Carleton’s Creative Writing instructors bring decades of combined experience as published writers and teachers as they lead stimulating and supportive workshops for students across campus. This team of passionate, effective writer-teachers successfully mentors Carleton students as they realize their writing potential while likewise exploring a variety of writing modes and genres.
Nadia Bozak is the author of the novels Orphan Love and El Niño, the first two parts of her Border Trilogy, published by House of Anansi. Thirteen Shells, a collection of linked short stories will be published by Anansi in 2016. Selections of these stories have appeared or are forthcoming in Walrus, Joyland, and Prairie Fire.
Nadia holds a Phd in Comparative Literature from the University of Toronto. Her doctoral work concentrated on the relationship between the technology and industry of cinema and the biophysical world, resulting in her book The Cinematic Footprint: Lights, Camera, Natural Resources published by Rutgers University Press.
Since 2012 Nadia has taught the introductory “Fiction Workshop” within the Department of English at Carleton. She has also taught courses in literary theory and academic writing at Ontario College of Art and Design University in Toronto, documentary film at Laurier University in Brantford, Ontario, and literary studies at the University of Toronto.
Nadia recently received a term appointment as Assistant Professor of English at Carleton where she is leading the growth of the Creative Writing Concentration. She will teach workshops in fiction (introductory and intermediate), poetry (introductory), and a special topics workshop in hybrid literary forms.
Nadia’s current literary projects include writing the third part of her Border Trilogy (a contemporary retelling of Heart of Darkness through the lens of English-as-a-Second-Language teaching), completing a collection of novellas about interracial love relationships, as well as a collection of poems for children.
D.S. Stymeist’s debut collection, The Bone Weir, was published by Frontenac in 2016 and was a finalist for the Canadian Author’s Association Award for Poetry.His poems have appeared in numerous magazines, including The Antigonish Review, Prairie Fire,Dalhousie Review, and The Fiddlehead. He currently teaches creative writing and crime fiction at Carleton University in Ottawa. As he grew up as a non-indigenous member of a mixed family on O-Pipon-Na-Piwin Cree Nation, the author seeks ways to honour cultural hybridity in his creative work. He is the editor and founder of the micro-press, Textualis, and is the president of VERSe Ottawa, which runs VerseFest, Ottawa’s annual international poetry festival.
Dr. Sarah Waisvisz is a scholar, playwright, dramaturge, and multi-disciplinary performer with training in dance and physical theatre (classical ballet, puppetry, acrobatics, stilts, West African dance styles). Her artistic work intersects with her scholarship, and she has published and presented many academic papers over the years on Caribbean literature, Human Rights drama, and the Black Atlantic. Her PhD dissertation is entitled Dissident Diasporas: Genres of Maroon Witness in the Anglophone and Francophone Caribbean (Carleton, 2014). Most recently her creative non-fiction piece “Foté, Fatou” was published in Dis(s)ent: Speaking Truth Back to Power, and her new script Heartlines was developed through a residency at Great Canadian Theatre Company. Last year, she was Artist in Residence at the National Arts Centre’s English Theatre.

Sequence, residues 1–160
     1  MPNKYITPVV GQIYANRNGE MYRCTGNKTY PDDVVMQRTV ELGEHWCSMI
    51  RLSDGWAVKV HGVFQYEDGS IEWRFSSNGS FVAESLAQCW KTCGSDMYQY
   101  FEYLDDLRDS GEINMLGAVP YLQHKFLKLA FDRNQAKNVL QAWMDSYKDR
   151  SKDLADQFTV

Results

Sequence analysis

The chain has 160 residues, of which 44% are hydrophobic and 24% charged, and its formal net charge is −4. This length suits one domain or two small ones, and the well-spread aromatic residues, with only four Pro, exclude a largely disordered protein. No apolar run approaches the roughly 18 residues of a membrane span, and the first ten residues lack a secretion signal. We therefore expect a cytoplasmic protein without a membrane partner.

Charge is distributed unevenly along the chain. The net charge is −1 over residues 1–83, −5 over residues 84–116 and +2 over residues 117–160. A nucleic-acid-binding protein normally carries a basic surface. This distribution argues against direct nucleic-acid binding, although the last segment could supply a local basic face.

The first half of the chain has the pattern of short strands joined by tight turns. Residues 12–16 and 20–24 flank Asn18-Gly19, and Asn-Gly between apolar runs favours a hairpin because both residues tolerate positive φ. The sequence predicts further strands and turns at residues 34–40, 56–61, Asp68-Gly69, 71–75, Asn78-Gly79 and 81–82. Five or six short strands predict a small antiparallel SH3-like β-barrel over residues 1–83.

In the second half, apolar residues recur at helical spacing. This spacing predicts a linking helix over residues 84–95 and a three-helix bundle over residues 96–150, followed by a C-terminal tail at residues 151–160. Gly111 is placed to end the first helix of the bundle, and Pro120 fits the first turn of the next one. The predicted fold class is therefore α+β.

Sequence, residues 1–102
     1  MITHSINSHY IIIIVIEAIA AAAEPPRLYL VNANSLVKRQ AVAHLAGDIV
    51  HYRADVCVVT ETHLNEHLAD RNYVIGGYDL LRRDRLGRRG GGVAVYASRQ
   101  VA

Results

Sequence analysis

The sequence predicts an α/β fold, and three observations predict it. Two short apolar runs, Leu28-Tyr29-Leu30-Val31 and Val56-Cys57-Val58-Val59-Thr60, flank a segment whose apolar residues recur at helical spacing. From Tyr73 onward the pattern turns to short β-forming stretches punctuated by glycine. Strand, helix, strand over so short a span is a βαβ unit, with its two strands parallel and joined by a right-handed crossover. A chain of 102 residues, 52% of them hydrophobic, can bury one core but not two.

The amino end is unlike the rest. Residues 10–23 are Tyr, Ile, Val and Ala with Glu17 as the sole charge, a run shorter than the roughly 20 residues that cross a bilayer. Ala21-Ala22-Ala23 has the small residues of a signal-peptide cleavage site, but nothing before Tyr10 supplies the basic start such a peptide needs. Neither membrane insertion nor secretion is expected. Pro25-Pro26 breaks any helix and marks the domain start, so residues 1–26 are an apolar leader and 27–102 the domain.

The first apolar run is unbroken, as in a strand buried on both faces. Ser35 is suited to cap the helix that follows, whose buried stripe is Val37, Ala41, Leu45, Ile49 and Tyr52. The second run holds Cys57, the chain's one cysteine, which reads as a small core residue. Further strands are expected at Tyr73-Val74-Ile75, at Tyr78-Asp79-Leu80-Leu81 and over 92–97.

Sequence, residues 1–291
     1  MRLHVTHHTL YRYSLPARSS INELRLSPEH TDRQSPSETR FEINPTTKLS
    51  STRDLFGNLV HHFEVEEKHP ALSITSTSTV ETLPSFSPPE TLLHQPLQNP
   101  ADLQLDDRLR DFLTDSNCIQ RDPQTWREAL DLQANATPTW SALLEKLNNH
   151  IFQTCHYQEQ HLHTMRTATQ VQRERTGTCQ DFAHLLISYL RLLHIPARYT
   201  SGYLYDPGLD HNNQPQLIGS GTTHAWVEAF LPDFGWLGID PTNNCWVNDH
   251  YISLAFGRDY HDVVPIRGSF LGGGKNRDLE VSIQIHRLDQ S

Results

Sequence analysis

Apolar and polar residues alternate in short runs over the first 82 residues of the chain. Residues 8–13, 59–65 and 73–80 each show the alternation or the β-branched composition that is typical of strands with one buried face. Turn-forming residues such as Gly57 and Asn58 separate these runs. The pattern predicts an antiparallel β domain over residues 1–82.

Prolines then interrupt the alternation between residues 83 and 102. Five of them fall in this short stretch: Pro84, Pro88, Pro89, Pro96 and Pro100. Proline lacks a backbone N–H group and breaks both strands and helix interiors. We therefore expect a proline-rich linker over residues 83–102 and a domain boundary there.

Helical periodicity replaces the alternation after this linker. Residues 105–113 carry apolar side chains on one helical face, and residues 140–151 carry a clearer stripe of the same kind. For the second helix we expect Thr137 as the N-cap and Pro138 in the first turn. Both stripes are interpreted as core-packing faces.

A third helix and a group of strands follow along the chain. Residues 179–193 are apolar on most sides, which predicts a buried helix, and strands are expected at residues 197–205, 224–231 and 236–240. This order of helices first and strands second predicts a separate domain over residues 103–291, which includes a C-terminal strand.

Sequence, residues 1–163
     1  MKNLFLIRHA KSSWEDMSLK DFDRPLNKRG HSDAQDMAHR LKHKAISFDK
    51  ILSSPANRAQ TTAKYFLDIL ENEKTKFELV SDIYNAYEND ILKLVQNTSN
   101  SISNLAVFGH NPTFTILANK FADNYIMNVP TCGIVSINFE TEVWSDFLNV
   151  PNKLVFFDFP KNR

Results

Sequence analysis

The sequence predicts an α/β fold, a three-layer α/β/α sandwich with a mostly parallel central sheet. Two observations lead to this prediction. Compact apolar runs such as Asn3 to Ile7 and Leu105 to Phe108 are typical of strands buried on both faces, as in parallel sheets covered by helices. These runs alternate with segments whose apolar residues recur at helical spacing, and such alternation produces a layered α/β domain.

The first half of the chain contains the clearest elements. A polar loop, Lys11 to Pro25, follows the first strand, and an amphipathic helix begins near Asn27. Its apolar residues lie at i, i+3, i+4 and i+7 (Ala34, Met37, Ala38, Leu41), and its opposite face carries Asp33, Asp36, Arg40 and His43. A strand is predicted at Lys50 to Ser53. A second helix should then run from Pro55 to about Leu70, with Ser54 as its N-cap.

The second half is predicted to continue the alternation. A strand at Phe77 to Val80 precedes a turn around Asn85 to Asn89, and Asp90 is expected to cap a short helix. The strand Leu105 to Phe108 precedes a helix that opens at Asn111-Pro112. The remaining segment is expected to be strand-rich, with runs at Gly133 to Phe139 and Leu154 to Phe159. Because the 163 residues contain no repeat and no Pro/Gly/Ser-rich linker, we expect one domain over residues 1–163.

Sarah’s solo play Monstrous explores the murky experience of mixed-racedness, the dual inheritance of histories of violence (the Holocaust and Atlantic slavery), and, above all, the power of female resistance. The script was published in Alt.theatre issue 13.3:
Richard Taylor graduated from Carleton with a BA in 1976, and since 1995, when he was Carleton University Writer in Residence, he has been in the English Department. He has lectured in 20th Century Literature, taught the Writing and Language First Year Seminar, and the Fiction Workshop. A few years ago he introduced the Creative Nonfiction Workshop. For 8 years he has taught a Carleton EMCP writing workshop for Ottawa high school students, ‘Write by the River’. In 2014 he was a finalist for a Capital Educators’ Award.
For 23 years he has taught over 125 private writing workshops in Ottawa, Hong Kong, Australia and Tuscany. For 9 years he has offered his ‘Write by the Lake’ writers’ retreat at his beautiful Quebec lake house. In the winter of 2015 he will offer his ‘Write by the Sea’ writing workshop in Byron Bay Australia. Hundreds of Taylor’s writing students have published their work as a result of taking his workshops.
Along with publishing many feature articles and stories in literary magazines, anthologies and newspapers, he has published a collection of short stories Tender Only to One, a novel Cartoon Woods and an Australian travel memoir House Inside the Waves: Domesticity, Art and the Surfing Life. He narrated a powerful 2008 documentary film The Man Who Crossed the Sahara, about his best friend, surfer and legendary Ottawa filmmaker, Frank Cole, who was murdered while crossing the Sahara Desert. In 2009 he contributed a long memoir Saltwater Road to the Sahara, for Life Without Death: The Cinema of Frank Cole. While surfing and open water swimming around the world, he is writing a book about swimming with writers, Water and Desire. He is also mounting a multimedia art gallery show Writer’s Block: 40 Wood Sculptures and Their Stories.